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Improving Maternal and Child Health in Sri Lanka

In order to improve the health of their children, parents participate in Plan sponsored learning programs.
In order to improve the health of their children, parents participate in Plan sponsored learning programs.
February 14, 2013

Over the past year, Plan has been working with local residents and government health officials in villages across Sri Lanka on a new Health Promotion Strategy to make simple lifestyle changes in order improve maternal and child health.

Plan’s goal is to lower the under-five child malnutrition rates, which can often be as high as fifty-percent. The program also seeks to improve early childhood development.

In the first phase of the program, Plan collaborated with Rajarata University’s Foundation for Health Promotion. The foundation trained health officials on the best practices for working with villagers to create an environment where locals would feel comfortable discussing health related issues and would feel empowered to find solutions to their problems.

Mothers Work Together to Create Change

 

Once this groundwork was established, Plan learned that many mothers had been concerned with the malnutrition of their children. After speaking with local officials, they organized group exercise sessions and combined their limited food supplies in order to ensure that their children received a more balanced diet. As a result of their actions, the mothers were in better health and the number of village children who were underweight decreased.

According to prior reports collected by Midwives in the Moneragala District, the number of underweight infants under the age of one had been steadily increasing from 0.2% in 2007 to 1.4% in 2010. However in the year following the initiation of the new program, this number has fallen to 1%.

Similar observations have been made in Palagala where the number of underweight children between the ages of 2 and 5 has decreased from 48% in 2009 to 35% in 2011.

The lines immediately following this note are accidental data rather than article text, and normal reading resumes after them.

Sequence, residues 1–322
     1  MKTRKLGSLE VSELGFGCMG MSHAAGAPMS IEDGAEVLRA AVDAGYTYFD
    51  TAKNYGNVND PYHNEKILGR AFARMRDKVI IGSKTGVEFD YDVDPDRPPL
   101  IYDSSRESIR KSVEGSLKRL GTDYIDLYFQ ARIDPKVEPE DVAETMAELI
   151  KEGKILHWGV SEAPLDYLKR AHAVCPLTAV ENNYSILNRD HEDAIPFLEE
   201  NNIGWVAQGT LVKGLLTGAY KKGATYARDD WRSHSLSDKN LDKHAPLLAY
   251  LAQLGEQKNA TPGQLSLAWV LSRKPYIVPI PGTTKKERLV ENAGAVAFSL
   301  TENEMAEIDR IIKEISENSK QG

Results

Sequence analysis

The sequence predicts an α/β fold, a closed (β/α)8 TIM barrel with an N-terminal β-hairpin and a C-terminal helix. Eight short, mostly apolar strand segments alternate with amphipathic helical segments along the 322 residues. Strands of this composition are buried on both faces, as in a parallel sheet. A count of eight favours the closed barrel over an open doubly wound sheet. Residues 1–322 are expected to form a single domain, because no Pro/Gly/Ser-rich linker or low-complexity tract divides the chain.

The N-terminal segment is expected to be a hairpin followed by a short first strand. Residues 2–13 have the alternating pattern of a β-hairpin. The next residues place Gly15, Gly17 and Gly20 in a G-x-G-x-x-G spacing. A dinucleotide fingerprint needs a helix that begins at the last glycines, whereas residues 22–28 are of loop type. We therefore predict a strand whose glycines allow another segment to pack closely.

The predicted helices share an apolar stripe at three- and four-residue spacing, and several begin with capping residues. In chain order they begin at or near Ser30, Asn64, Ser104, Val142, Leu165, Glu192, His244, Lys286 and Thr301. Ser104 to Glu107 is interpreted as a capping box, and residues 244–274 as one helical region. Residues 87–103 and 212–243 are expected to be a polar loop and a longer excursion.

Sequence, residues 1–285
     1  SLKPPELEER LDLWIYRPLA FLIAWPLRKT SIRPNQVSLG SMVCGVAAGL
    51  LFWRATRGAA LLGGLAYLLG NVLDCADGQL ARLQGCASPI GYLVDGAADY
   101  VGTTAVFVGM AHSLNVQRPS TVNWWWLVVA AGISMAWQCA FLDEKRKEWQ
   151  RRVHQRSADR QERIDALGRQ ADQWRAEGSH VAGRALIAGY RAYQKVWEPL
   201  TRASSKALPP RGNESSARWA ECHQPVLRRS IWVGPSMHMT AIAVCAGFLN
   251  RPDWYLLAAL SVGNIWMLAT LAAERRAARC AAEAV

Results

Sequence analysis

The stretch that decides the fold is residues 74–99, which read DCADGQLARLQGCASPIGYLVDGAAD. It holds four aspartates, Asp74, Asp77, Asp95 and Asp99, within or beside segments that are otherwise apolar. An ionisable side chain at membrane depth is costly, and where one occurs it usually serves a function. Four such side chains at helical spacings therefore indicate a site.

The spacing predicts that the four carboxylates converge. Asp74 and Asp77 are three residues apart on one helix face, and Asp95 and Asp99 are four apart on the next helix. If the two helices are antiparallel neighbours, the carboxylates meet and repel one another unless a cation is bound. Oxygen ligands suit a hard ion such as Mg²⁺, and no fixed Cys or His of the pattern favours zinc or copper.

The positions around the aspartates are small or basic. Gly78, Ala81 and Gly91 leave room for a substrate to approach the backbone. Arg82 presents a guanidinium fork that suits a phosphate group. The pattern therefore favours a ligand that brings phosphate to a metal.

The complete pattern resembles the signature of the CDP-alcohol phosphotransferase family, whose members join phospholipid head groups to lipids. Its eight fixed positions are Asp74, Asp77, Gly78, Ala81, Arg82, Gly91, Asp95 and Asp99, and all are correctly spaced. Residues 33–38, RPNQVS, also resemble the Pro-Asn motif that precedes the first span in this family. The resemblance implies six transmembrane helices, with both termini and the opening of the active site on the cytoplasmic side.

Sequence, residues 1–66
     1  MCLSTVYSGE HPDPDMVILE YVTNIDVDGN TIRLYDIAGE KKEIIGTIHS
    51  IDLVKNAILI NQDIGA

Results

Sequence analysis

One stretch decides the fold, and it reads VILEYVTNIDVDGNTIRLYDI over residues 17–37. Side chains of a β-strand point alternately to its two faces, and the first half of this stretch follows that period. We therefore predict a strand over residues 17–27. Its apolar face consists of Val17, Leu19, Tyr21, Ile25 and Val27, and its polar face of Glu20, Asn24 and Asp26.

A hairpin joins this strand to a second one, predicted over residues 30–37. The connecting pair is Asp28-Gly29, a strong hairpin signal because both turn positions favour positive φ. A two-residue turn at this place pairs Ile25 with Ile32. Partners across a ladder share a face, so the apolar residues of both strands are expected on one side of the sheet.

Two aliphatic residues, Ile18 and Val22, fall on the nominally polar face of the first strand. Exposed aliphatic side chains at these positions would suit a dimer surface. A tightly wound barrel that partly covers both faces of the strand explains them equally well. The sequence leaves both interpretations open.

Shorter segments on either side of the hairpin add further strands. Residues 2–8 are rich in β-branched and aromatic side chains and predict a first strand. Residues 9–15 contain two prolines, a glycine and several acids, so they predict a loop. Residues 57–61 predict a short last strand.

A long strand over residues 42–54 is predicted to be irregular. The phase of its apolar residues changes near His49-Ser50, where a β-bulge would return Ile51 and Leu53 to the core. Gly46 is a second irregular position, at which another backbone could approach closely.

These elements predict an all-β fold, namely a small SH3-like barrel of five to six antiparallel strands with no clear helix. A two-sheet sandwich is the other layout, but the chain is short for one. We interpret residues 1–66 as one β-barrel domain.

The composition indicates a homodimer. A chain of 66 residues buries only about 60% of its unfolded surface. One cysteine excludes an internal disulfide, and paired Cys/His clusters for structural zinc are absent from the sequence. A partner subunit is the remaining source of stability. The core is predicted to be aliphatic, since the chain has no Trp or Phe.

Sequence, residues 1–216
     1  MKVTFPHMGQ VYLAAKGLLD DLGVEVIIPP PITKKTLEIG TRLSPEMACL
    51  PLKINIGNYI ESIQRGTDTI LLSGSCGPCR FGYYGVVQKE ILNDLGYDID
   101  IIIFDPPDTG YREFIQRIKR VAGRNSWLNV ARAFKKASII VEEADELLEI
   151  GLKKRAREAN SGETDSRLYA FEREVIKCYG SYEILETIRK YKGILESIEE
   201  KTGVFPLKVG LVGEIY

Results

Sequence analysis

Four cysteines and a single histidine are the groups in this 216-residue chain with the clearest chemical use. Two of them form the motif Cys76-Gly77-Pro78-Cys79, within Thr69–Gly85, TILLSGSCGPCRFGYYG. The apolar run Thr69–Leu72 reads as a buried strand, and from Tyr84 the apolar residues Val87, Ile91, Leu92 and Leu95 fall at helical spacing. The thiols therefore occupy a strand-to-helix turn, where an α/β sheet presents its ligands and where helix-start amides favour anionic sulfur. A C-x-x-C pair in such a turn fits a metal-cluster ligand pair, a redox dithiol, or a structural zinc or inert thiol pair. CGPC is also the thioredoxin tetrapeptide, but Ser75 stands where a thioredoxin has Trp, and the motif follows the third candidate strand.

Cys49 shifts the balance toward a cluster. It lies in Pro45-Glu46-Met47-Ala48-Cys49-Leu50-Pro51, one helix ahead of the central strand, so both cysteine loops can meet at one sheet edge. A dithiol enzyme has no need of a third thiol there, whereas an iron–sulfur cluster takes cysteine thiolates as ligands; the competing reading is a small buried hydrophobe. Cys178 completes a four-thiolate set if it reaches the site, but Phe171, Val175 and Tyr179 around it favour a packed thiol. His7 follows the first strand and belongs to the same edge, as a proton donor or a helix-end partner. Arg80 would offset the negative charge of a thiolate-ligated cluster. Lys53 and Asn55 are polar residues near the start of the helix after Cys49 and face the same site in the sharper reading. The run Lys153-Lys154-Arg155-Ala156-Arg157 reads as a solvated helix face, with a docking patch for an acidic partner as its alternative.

Although an empirical study has not yet been conducted, there has not been any difference made to the Routine Child Health Program besides the addition of Plan’s Health Promotion Strategy.

In addition to malnutrition, other villagers had been concerned about early childhood development. Since young children spend most of their time in the home, it was critical for parents to have a stimulating home environment to aid children in their growth and development. As a solution to this problem, villagers from each village worked together to brainstorm and create a model baby room. These model baby rooms contained colorful posters, hanging mobiles, hand-written alphabets, and other simple designs that would serve as a model that mothers could mimic in their homes. Fathers also played a central role in the program by increasing the amount of time spent with their children. They also helped build and decorate dedicated play areas where the village children could gather and learn social skills. One of the villagers, Inomalee Madhushani, describes the change in her village:

"We gave our children chances to get together and play and the results were very positive. They know each other very well now. They even exchange their toys."

Fathers Play a Role in Improving the Home Environment

 

Fathers also have the important role of creating a happy home environment. In most of the villages, each family has a happiness calendar where each family member marks if they were happy, sad or neutral on a common calendar.

Since the calendar keeps track of the daily feelings of family members, it is easy for people to recognize their own behavior and its impact on other members of the family. Since the program began, women have also reported that there has been a decrease in the number of arguments and the amount of alcohol consumed by their husands.

A ten-year-old participant recently shared their experience with children at an international meeting co-sponsored by Plan: "For our birthdays we decided to give a gift to our parents in appreciation of their efforts."

By working together, the mothers and children have become healthier and more confident, and the success of this program has now attracted interest from other agencies in Sri Lanka, who plan to replicate Plan's methods.

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